Patient survival influences new lung cancer staging system

May 21, 2009

Based on on a database with more than 100,000 submitted cases, modifications to the international system for staging non-small cell lung cancer promise to more closely reflect the connection between disease progression and the patient's prospects for survival.

Based on on a database with more than 100,000 submitted cases, modifications to the international system for staging non-small cell lung cancer promise to more closely reflect the connection between disease progression and the patient's prospects for survival.

The International Association for the Study of Lung Cancer (IASLC) has published its recommendations for change in the upcoming seventh edition of the tumor, node, and metastasis classifications this year. Changes to the 12-year-old sixth edition were drawn from the surgically staged case experience at 46 academic hospitals in 19 countries, said Dr. Johnny Vlahos, an honorary senior lecturer at St. George's, University of London.

The effort invested in the new standards contrasts with planning for the last edition, Vlahos noted. Sixth edition classifications were based on just over 5300 surgically staged cases from a single institution in the 1970s, he said.

Revisions were needed because of changes in histology epidemiology, our understanding of tumor spread and outcome data, and improvements in the accuracy of imaging staging, according to Vlahos.

Patient survival data guided the effort. With the new system, clinicians will be able to say confidently that a patient with a correctly staged T1a lung cancer will have a 77% chance of surviving five years. For stage T2a cancer, survival probability drops to 58%, and patients with metastatic T3 cancer have less than a one in three chance of living five more years.

The new standards generally predict longer survival for patients with a given set of clinical findings than the current classifications.

"We are aware -- conservatively -- that patients previously suspected to have a poor prognosis may have a better prognosis than originally thought," Vlahos said in a presentation at the 2009 International Symposium on Multidetector-Row CT.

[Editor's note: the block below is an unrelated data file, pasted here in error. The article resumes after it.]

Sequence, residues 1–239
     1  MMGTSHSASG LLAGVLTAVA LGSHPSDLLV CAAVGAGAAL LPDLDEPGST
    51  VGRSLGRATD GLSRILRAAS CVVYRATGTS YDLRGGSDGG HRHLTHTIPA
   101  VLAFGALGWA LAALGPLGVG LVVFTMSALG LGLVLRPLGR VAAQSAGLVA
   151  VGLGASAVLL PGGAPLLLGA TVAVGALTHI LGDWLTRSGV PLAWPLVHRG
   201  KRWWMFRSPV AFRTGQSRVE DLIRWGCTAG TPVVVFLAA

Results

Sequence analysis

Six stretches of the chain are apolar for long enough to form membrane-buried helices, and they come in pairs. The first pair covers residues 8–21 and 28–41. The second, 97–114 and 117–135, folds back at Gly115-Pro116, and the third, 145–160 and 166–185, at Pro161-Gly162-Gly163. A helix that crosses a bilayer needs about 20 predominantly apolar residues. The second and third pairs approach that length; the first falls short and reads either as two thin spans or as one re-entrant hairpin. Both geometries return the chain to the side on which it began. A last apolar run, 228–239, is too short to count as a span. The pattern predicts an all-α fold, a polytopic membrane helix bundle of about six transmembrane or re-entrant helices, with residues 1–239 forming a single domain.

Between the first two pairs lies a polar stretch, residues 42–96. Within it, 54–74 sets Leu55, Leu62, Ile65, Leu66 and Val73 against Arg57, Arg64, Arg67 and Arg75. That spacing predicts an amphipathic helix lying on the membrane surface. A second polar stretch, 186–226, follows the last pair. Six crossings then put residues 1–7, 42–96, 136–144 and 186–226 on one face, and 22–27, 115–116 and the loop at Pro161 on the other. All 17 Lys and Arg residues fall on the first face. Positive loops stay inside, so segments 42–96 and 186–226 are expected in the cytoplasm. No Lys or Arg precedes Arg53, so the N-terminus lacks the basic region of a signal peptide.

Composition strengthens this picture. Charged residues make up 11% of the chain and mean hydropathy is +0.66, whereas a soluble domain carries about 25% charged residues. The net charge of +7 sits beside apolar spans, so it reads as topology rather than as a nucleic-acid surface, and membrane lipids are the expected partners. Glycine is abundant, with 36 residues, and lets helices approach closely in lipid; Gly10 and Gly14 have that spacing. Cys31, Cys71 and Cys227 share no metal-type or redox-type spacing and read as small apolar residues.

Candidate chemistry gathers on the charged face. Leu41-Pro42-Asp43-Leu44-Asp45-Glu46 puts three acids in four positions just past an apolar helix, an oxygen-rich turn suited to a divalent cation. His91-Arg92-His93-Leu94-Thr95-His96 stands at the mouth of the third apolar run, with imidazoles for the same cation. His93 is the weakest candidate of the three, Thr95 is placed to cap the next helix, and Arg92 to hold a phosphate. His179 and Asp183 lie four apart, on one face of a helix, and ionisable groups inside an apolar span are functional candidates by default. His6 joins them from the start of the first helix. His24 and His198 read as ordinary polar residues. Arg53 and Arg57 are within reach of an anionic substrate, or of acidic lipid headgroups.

Vlahos described the new standards: Tumor (T) classifications will be modified so T1 staging will now consist of T1a for nodules of less than 2 cm and T1b for those from 2 to 3 cm.

The T2 stage will be split into two subcategories: T2a for 3 to 5-cm lesions and T2b for 5 to 7-cm lesions. The putative T2c stage for lesions larger than 7 cm will actually be migrated to a T3 cancer.

The T3 migration was decided because of patient five-year survival rates. These indicated that 77% of patients with T1a stage will survive five years while only 49% T2b cancer patients will survive that long. The 35% rate for T2c category patients is similar to the 31% survival experience for T3 patients, so the two categories were merged.

For metastatic disease, patients with a nodule in the same lobe as the primary tumor tend to survive longer than patients with T4 disease, so they will now be staged with T3 disease. Patients formerly classified with T4 because of malignant pleural disease, have only an 11% chance of surviving five years. They will be classified with M1a cancer. Cases involving the contralateral lung and previously staged as M1 disease have a similar survival profile and will also be staged as M1a. Metastatic disease outside the lung (formerly considered M1 as well) will be called M1b. Cases now staged as M1 cancer and involving cancer that has spread to the nonprimary lobe of the ipsilateral lung will be staged as T4 cancers in the new system.

"In summary, M1a disease is intrathoracic metastatic disease, and M1b is now extrathoracic metastatic disease," Vlahos said.

The N descriptions for nodular involvement have not changed because exploratory analyses performed to simplify nodal staging were not able to be validated across different populations, he said. Prospective trials have been suggested to address that shortcoming.

Limitations of the new classification system include its developers' reliance on retrospective analysis of survival. It does not subclassify disease based on new patterns of management, such as isolated brain or adrenal metastases that are increasingly aggressively managed in select cases. Similarly, they felt the distinction of bulky or small-volume N2 disease does not merit separate consideration. The new system does not address specific tumor types, such as the ground-glass nodules due to bronchoalveolar cell carcinoma and its multifocal variants.

"That probably deserves a separate categorization that considers the spectrum of disease represented among these non-small cell lung cancer classifications," he said.

The reclassification of disease into adjusted T and M descriptions will contribute to substantial stage migration. The general division between former stage IIIa and IIIb designations, which have implications for surgical decision making, will be less definite, he said.

Vlahos and colleagues at hospitals associated with St. George's, University of London studied how the new system may lead to stage migration. Based on 166 consecutive lung cancer patients, they found the proportion of patients classified with stage IIIA or less disease increased from 30.7% to 34.9%. The number of patients staged with IIIB cancer decreased 61.5%, and the number of stage IV cancer cases rose 24%.